Abnormal normality

2012-07-07 10:07

After reading City Press’ three-part youth month series – Young, Jobless and Desperate – I was left saddened by the conditions in which South African youth find themselves.

We often fail to note what the statistics don’t tell us – the drudgery of every life that an individual has to contend with.

These difficulties take different shapes for different individuals. Also, the statistics don’t tell us about the creative coping and survival strategies that our young people employ to negotiate their life chances.

I have been doing research on young people over the past four years and would like to share some of my observations.

I am concerned that young South Africans have to resort to gambling to make a living. Gambling, when it’s done irresponsibly, can have devastating outcomes on individuals and those close to them.

The sad fact of life is that the scenes captured in the series are a daily occurrence in many of our townships. They are what we call “abnormal normality”. Orange Farm is one example.

Made famous by its violent protests on the ever-busy Golden Highway, this township is experiencing many problems.

While there is infrastructure development taking place in this township, it is juxtaposed by devastating levels of poverty, youth unemployment, HIV/Aids deaths and drug abuse, to name a few.

Young people shape their lives and their future based on developments in their social environment.

I want to focus on a category of youth – young men between the ages of 15 and 25, who exist at the margins of the Orange Farm community.

These are young people who collect scrap metal (traditionally an activity done by older men and women) to earn money to either feed their drug habits or to be able to get food each day.

They also sell drugs, wash rubbish bins and steal from the local residents any material they can exchange for cash at scrapyards.

Many of the young men in the above age group are high-school dropouts.

They are resorting to anti-social and illegal means to generate income.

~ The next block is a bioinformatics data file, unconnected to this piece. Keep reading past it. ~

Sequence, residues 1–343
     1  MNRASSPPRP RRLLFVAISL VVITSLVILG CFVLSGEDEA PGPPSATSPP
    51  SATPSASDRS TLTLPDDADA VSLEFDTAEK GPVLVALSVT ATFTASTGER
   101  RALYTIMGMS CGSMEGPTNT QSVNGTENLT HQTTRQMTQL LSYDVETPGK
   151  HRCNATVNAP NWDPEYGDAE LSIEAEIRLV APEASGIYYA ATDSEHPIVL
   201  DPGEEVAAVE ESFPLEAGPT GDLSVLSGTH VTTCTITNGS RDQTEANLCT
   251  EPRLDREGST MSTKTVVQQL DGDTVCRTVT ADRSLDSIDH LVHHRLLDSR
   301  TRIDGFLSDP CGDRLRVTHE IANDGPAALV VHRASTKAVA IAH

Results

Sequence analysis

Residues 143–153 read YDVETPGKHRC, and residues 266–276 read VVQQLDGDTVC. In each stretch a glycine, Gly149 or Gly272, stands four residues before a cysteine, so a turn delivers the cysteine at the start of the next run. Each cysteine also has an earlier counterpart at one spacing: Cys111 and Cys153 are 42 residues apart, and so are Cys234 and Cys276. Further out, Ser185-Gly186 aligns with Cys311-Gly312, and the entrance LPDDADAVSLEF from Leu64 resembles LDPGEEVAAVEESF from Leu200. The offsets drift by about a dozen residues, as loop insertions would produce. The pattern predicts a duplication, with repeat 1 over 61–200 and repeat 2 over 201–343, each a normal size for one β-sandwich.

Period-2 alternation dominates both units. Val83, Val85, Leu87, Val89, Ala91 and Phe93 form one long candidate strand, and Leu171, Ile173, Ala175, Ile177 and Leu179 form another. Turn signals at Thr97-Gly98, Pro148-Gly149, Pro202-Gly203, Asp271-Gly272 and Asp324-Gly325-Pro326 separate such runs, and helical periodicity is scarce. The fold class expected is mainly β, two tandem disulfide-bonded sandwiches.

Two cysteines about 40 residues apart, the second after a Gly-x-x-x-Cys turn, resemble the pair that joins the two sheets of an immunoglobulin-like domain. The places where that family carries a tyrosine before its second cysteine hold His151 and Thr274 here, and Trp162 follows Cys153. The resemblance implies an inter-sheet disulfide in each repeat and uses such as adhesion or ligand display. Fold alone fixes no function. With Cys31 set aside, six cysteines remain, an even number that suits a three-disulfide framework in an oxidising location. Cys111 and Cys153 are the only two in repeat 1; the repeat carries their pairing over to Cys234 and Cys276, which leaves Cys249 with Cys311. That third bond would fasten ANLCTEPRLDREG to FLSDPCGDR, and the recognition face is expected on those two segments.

To deal with the criminal behaviour of some of these young men, the residents resort to mob justice as they try to establish and reinforce social boundaries.

Also, while these young men grow up with social expectations that they will be providers at their respective homes, they have limited opportunities of securing employment.

While political and academic debates rage with technicalities on how to deal with youth problems (these debates are necessary), the very problems are conceptualised in ways that aid specific factions in their political pursuits, and the costs are rising in the process.

The young people walking the streets of Orange Farm and many other South African townships are searching for means to negotiate the harsh material realities of everyday life.

And unfortunately, some of their choices have devastating consequences for themselves and those around them.

One concedes the complexity of problems bedevilling our nation. Perhaps at a different time we can talk about how young people get into such desperate situations.

However, failing to deal with the problems faced by young people of all races, genders and classes with some sense of urgency, South Africa runs the risk of growing an underclass that is constituted by not only middle-aged, unemployed, uneducated, unskilled people, but by a significant number of young people growing into adulthood with little or no prospects of ever securing employment and whose potential has never been explored.

» Bingma lectures in the department of sociology at the University of Pretoria

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